Henk Wösten and Arif Budiman
Proceedings of the 14th International Peat Congress
dam-construction, drainage-canal, groundwater-level-rise, hydrological-modelling, illegal-logging
Theme IX. Tropical peatlands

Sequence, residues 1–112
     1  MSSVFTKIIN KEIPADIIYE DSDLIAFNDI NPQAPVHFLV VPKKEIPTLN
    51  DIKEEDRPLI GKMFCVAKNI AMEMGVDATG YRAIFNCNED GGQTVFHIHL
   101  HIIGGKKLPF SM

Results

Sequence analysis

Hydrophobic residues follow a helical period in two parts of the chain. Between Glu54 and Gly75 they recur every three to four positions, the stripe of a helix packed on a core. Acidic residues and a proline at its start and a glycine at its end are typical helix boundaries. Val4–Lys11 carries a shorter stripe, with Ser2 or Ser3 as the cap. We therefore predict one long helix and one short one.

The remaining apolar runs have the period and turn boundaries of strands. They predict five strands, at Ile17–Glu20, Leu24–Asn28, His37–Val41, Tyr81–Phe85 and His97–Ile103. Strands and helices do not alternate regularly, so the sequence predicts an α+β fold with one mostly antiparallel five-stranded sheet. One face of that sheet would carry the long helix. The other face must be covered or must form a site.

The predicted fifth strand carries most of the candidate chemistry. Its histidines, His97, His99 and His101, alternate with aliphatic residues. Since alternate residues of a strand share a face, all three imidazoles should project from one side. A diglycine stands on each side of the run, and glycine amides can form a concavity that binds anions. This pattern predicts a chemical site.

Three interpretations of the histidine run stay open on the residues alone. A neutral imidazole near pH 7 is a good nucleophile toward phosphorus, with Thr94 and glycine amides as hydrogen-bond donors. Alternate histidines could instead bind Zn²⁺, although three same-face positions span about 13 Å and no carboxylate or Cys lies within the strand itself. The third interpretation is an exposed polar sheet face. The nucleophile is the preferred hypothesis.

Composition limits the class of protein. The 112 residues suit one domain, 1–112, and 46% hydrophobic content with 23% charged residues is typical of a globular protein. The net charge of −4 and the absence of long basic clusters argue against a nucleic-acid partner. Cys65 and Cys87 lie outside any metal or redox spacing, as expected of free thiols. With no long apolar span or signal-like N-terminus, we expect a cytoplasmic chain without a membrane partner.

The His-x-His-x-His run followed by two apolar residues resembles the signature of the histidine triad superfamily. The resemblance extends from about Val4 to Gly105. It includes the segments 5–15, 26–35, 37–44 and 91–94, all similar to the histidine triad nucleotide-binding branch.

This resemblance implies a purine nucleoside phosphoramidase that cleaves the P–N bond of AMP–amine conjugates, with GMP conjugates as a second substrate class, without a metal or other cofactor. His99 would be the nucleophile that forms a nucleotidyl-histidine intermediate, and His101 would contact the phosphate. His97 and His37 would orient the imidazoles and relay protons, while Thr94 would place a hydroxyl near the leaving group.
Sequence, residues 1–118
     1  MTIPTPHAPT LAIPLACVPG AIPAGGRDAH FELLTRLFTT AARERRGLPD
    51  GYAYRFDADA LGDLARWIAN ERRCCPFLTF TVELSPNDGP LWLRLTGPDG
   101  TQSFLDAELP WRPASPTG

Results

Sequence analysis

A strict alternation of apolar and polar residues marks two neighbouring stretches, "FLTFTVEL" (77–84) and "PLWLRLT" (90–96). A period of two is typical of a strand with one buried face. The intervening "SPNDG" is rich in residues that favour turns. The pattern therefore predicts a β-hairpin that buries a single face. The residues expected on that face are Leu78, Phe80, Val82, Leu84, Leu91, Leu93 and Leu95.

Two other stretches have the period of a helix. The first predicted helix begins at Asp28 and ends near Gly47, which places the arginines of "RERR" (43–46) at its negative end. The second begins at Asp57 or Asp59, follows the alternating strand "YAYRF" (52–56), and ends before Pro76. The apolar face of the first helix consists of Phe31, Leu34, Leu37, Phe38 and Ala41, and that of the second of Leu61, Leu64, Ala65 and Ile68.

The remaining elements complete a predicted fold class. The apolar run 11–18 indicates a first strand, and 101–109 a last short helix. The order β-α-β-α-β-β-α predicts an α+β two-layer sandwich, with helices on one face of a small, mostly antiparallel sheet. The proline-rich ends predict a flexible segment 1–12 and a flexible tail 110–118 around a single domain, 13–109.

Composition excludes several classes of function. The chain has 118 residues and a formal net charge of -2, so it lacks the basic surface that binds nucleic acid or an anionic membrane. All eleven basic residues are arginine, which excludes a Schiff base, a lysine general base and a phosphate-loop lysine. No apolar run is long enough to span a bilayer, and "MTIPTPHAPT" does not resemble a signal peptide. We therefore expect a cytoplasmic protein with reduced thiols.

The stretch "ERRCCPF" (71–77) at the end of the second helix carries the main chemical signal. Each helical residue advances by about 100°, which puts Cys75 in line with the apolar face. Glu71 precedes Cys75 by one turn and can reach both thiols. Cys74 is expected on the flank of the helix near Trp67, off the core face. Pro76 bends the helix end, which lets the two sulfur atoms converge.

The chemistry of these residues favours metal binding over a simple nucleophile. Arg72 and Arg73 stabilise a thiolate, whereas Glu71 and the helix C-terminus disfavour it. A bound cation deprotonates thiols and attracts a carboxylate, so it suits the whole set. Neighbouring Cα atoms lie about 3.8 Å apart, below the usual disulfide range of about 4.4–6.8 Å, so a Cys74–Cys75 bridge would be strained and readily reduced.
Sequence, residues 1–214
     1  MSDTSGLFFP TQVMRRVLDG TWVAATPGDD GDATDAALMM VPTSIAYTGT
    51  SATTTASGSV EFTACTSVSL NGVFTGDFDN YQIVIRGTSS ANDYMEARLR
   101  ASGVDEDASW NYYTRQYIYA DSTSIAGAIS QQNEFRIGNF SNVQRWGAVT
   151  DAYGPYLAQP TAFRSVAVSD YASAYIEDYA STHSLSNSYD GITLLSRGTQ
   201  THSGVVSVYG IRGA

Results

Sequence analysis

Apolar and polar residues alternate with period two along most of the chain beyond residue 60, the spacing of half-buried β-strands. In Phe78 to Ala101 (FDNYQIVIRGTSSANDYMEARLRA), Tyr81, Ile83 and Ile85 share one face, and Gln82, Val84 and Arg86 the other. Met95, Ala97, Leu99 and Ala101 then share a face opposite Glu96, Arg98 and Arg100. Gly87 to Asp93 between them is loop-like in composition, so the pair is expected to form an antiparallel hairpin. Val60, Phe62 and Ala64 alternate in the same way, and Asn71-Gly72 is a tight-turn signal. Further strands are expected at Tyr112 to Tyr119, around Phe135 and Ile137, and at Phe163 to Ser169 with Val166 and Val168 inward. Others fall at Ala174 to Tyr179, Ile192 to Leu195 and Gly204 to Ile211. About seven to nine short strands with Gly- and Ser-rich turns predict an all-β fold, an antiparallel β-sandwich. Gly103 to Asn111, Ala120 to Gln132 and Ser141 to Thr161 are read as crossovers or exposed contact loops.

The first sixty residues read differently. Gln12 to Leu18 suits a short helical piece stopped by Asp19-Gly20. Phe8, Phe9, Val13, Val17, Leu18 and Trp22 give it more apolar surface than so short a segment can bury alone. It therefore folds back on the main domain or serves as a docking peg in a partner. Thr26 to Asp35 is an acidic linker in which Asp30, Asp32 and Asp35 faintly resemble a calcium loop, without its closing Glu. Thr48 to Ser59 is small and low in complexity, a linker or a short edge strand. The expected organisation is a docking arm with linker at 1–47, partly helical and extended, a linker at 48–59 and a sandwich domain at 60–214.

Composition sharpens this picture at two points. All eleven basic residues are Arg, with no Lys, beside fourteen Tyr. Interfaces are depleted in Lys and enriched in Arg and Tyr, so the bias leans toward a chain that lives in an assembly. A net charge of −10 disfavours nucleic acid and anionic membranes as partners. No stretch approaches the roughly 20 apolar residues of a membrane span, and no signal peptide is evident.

Extensive degradation of Indonesian peatlands by deforestation, drainage and recurrent fires causes release of huge amounts of peat soil carbon to the atmosphere. A lowering of the groundwater level leads to an increase in oxidation and subsidence of peat. Therefore, the groundwater level is the main control on carbon dioxide emissions from peatlands. Restoring the peatland hydrology is the only way to prevent peat oxidation and mitigate CO2 emissions. In this study we present a strategy for improved planning of rewetting measures by dam construction. The study area is a vast peatland with limited accessibility in Central Kalimantan, Indonesia. Field inventory and remote sensing data are used to generate a detailed 3D model of the peat dome and a hydrological model predicts the rise in groundwater levels once dams have been constructed. Successful rewetting of a 590 km² large area of drained peat swamp forest could result in mitigated emissions of 1.4–1.6 Mt CO2 yearly. The proposed methodology allows a detailed planning of hydrological restoration of peatlands with interesting impacts on carbon trading for the voluntary carbon market.